You’re doing great!
We think you’re ready to get even more from Veri.
The first week was all about collecting data and learning how different foods affect your glucose. Now it’s time to use this data to take the next step on the path to better metabolic health.
What does better metabolic health look like? Check out our article on understanding your glucose measurements.
Visit Your Foods
You’ll find the Nutrition section by tapping the food icon at the top right of your Timeline.
Here you’ll find some of your best and worst scoring meals. Use the search bar at the top to look for your favorite ingredients, either on their own or in meals.
Understanding which food combinations score better or worse is the first step to implementing dietary changes that your body prefers.
Experiment with different foods
Veri is all about finding the best foods for YOU, so feel free to experiment!
Did you get a big spike from white potatoes? Try using sweet potatoes next time.
Research also suggests that eating cooked and cooled starch (like leftover rice) can reduce the glycemic response. This can depend on the type of starch and cooking method, so experimentation is key.
Play with food pairings and order
Carbs are a healthy part of any diet but, eaten alone, they can cause big swings in glucose.
Did you get a spike from that piece of toast? Don’t worry! Add a healthy fat like nut butter or avocado to minimize the rise.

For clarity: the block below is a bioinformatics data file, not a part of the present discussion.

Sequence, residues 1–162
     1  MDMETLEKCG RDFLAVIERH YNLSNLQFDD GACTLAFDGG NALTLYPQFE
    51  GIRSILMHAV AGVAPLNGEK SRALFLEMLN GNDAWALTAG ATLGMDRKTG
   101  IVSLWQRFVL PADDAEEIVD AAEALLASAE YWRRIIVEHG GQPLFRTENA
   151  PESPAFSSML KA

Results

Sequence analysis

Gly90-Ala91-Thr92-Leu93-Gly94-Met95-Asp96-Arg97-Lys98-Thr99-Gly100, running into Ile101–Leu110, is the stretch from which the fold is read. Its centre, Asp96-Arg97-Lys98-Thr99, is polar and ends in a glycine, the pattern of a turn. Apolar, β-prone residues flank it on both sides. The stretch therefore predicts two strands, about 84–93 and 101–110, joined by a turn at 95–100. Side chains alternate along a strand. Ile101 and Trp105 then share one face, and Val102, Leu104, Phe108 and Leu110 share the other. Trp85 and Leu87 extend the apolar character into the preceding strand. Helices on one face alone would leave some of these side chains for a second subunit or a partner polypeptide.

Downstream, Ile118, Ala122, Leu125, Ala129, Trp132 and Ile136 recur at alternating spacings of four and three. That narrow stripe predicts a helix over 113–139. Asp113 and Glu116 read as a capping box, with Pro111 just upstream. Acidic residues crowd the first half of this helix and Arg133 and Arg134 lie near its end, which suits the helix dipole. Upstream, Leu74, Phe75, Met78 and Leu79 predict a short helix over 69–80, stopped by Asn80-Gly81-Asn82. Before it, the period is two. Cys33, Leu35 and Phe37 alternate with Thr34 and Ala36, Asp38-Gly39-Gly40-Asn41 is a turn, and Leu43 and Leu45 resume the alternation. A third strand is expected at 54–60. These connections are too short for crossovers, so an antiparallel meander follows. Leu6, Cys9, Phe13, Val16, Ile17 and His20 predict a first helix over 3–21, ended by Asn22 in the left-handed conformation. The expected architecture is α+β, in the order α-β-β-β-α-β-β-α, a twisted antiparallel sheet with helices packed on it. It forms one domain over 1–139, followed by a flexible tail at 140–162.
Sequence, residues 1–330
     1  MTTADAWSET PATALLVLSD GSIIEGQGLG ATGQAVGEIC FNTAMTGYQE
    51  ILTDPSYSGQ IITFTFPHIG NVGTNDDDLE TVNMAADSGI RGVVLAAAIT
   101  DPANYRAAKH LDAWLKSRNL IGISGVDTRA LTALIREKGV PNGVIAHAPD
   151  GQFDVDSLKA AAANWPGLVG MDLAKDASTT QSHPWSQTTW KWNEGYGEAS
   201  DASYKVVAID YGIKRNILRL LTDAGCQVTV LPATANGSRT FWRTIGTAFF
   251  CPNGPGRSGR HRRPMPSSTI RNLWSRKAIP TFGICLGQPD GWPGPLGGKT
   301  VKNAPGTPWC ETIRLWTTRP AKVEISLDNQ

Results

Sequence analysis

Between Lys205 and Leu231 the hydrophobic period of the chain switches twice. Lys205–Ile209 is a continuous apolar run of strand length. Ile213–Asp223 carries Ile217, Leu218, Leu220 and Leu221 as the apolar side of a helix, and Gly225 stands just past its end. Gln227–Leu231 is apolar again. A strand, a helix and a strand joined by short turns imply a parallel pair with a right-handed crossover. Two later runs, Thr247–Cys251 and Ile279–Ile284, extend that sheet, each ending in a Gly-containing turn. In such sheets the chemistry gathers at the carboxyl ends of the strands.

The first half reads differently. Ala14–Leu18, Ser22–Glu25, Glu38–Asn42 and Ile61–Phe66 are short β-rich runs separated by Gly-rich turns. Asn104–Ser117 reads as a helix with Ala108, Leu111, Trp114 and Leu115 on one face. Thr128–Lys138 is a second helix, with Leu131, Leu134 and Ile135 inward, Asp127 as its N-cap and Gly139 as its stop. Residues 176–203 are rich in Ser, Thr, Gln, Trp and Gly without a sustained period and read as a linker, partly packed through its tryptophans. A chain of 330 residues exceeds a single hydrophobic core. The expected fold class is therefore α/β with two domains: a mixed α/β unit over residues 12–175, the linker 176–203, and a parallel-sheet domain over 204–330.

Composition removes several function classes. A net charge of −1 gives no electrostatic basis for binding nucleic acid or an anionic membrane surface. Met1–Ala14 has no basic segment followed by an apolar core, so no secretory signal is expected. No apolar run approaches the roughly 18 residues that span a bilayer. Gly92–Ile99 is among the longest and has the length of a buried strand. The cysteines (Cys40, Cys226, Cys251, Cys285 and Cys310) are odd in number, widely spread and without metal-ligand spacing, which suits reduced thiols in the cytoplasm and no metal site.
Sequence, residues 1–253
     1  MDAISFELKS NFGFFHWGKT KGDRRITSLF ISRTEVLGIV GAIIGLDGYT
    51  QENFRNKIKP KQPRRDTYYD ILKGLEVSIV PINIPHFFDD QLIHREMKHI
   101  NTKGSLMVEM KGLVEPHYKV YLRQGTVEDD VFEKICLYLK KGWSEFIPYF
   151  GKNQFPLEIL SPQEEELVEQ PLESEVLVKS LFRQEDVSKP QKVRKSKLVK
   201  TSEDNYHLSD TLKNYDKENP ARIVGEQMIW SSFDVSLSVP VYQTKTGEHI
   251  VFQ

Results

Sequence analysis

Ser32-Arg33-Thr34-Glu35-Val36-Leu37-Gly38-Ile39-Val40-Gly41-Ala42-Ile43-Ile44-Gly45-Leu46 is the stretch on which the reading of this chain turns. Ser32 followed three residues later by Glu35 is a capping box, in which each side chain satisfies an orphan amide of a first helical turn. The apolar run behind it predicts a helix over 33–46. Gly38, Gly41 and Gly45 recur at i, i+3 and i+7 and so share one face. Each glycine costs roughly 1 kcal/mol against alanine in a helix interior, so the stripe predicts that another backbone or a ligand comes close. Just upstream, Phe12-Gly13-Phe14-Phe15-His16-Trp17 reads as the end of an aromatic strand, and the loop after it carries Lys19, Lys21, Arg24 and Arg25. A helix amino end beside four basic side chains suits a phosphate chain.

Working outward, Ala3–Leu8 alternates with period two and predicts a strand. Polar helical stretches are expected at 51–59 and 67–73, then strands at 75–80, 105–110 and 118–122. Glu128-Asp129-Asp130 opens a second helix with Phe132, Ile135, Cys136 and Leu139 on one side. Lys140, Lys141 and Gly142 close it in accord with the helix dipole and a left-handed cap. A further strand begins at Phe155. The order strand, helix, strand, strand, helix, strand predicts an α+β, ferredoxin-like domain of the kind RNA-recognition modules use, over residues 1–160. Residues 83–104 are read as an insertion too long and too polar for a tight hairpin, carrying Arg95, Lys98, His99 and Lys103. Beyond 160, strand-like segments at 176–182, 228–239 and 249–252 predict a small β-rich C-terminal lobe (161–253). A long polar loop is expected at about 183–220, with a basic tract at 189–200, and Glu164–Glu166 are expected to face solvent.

Going out for pizza? No problem! Eat a salad with vinegar dressing first.
Experiment with other food pairings to see what your body likes best.
Want to take it to the next level? Research shows that eating your carbs last can actually reduce the impact on your glucose levels.
Change up your workouts
Exercise is one of the best tools we have against insulin resistance. Experiment with different types of exercise like strength training and cardio to see how each affects your post-meal and daily glucose levels.
Even a walk right after a high-carb meal can help curb the rise in glucose.
Focus on sleep
Sleep is another lever you can pull for better metabolic health. Exactly why we include it in calculating your Daily Score.
Insufficient or inconsistent sleep can have a negative impact on everything from insulin sensitivity to eating behavior the next day.
Try to get at least 7 hours during the same window every night.
Remember, you can automatically add your sleep data by syncing with Apple Health or Google Fit (coming soon).
When you eat is just as important as what you eat.
For example, a late dinner can cause nighttime glucose intolerance and less fat burn/oxidation.
You can also experiment with planning meals around your workouts and increasing your fasting window.
Join the Community!
Want to know what others are trying? Visit the member community to connect and share with members just like you.